1964-2020: A tour of the past and the future

Japanese athlete Katsumi Suzaki talks about the challenges of the Tokyo 1964 Paralympics, and how things are looking for 2020. 09 Nov 2014
Japanese atheltes in a row listening
Katsumi Suzaki was a member of the Japanese team at the Tokyo 1964 Paralympic Games
ⒸKatsumi Suzaki

“I would like to see more and more people with disabilities take part in sport and experience for themselves the power of sport to act as a force for positive change.

At the age of 20, Katsumi Suzaki had a serious motorbike accident, incurring a severe spinal injury that left him paralysed from the waist down.

“I lost all hope for the future,” he remembered, speaking on the 50th anniversary of the Tokyo 1964 Games.

“After my release from hospital I feared that without the daily help and care of my parents, I wouldn’t be able to go on.”

To compound the problem, at that time people with impairments were often looked down on in Japan. But Dr. Yutaka Nakamura, the doctor in charge of Suzaki’s case at the Beppu National Hospital, urged Suzaki to take up sport, and within a few short months, Suzaki found himself competing at the Tokyo 1964 Paralympic Games.

“I was still physically quite weak, had no money to speak of, and wondered if my taking part in the Paralympic Games would be a burden on others.”

Before it was known that he would be competing at the Games, he had to share a wheelchair with other patients. But with his participation in the Games confirmed, he was given his own wheelchair.

At Tokyo 1964, Suzaki took part in the 50m freestyle (swimming), wheelchair basketball, 60m wheelchair race and wheelchair slalom racing (athletics).

At the time, the Paralympics did not attract a large number of spectators from the general public. However, as this was an international competition, many Games-related officials and dignitaries attended the competitions.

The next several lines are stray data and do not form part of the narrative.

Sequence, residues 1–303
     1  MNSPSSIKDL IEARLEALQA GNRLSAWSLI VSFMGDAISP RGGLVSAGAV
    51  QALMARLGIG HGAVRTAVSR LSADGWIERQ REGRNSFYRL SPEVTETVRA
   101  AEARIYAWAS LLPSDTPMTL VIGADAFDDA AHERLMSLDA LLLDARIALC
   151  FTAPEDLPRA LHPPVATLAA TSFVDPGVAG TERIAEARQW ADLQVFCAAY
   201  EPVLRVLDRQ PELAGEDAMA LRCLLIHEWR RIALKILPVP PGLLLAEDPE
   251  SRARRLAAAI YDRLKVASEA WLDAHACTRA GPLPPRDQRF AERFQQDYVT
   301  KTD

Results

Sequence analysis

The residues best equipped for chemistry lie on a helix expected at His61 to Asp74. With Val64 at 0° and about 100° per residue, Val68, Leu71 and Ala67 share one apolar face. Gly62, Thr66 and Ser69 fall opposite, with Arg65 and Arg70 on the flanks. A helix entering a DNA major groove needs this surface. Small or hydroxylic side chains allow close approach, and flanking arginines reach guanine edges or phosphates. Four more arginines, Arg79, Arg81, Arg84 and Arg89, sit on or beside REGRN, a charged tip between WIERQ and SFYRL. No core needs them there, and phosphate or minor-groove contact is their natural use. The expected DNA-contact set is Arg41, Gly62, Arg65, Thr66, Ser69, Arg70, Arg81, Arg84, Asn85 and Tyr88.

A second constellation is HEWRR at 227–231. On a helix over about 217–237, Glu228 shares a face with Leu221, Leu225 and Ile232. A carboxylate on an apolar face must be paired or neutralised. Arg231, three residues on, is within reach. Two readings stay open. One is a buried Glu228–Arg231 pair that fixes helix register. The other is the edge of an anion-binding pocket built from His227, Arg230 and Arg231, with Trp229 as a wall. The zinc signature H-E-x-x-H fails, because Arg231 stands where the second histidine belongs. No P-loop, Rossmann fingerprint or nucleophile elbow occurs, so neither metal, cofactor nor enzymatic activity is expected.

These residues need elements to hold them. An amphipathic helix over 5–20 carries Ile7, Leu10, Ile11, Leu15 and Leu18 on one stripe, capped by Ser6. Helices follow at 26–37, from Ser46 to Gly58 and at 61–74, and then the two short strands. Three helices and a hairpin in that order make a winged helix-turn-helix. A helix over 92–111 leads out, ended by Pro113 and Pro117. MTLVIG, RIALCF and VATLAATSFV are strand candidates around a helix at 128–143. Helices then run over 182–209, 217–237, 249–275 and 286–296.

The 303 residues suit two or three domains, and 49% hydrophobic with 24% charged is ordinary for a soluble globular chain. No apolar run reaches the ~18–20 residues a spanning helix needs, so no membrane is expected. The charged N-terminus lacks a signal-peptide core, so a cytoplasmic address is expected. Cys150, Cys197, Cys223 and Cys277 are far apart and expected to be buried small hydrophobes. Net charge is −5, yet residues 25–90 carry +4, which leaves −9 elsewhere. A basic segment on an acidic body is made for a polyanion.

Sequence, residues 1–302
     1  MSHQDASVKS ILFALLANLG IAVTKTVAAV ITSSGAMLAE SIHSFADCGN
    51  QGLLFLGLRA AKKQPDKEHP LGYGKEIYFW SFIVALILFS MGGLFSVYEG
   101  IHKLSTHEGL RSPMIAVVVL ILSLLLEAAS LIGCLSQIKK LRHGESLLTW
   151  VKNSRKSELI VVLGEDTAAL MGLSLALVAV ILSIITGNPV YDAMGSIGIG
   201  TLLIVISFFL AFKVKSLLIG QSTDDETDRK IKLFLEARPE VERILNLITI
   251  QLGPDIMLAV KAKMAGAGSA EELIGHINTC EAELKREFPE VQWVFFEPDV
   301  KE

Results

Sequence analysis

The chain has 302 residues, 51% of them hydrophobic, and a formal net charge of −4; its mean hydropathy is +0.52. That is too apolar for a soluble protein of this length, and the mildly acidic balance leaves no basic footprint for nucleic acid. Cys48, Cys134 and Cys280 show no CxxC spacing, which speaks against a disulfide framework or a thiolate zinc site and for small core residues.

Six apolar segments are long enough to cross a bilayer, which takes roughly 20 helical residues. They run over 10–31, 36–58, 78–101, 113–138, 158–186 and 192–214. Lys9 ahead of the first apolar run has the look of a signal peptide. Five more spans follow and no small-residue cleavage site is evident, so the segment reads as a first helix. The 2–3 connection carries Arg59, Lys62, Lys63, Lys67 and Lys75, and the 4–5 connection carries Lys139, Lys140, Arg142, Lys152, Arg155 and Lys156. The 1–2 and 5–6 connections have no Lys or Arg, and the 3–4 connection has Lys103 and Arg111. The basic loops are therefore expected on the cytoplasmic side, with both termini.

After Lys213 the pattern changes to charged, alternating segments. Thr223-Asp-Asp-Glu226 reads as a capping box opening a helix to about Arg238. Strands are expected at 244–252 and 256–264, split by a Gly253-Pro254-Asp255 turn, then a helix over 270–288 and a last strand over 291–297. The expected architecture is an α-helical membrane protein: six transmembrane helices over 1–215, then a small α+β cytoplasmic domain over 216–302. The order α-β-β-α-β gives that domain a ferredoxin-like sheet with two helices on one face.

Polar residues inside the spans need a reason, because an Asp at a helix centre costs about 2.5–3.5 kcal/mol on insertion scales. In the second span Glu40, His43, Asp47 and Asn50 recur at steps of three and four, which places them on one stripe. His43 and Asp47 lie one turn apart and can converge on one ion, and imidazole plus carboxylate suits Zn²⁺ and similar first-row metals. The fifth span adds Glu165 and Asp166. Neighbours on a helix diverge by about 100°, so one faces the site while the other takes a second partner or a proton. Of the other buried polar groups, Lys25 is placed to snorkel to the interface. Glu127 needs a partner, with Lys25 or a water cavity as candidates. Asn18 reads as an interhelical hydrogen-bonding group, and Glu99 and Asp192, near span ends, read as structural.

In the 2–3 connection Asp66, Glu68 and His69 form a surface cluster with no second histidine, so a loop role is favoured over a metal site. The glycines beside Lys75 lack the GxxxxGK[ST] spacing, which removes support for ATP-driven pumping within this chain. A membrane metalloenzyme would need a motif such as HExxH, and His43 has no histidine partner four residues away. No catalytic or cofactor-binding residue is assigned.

The Athletes’ Village was built on a large tract of land once used as the site for the military barracks known as the ‘Washington Heights,’ housing US military personnel during the Allied occupation of Japan.

“One room in the Athletes’ Village housed four to six athletes,” he said. “The shower and toilet were not built separately and were clearly not designed for use by people with disabilities.”

Changes following the 1964 Paralympics

After competing in the 1964 Paralympic Games, Suzaki used all available opportunities to tell audiences that people with impairments were also able and willing to work and make a meaningful contribution to society.

“When I started working I received an income, and felt more and more that I wanted to get about on my own in my wheelchair.”

One of the major challenges he faced to gain real independence was accessibility.

“I soon realised that most places were completely inaccessible to wheelchair users,” he recalled.

“My thoughts turned to extolling the virtues of an urban environment in which people with disabilities could get around freely. Compared to those days, barrier-free facilities have come a long way.”

As a result of Suzaki’s appeals, employment opportunities increased and employers were given subsidies for hiring people with impairments. This was a major step in the process of integrating people with impairments into mainstream society.

“However, no matter how many improvements are made, I feel that if people with disabilities don’t change their mind sets, then ultimately nothing will change.”

Looking ahead to the 2020 Games

In 2020, Tokyo will become the first city to host the Paralympic Games for a second time. And Suzaki hopes the Games will be an opportunity to showcase the power of sport.

“I would like to see more and more people with disabilities take part in sport and experience for themselves the power of sport to act as a force for positive change.

“Paralympic athletes have a major influence on society. I very much hope that the Tokyo 2020 Paralympic Games inspire people with disabilities all over world to take up sports and challenge themselves.”

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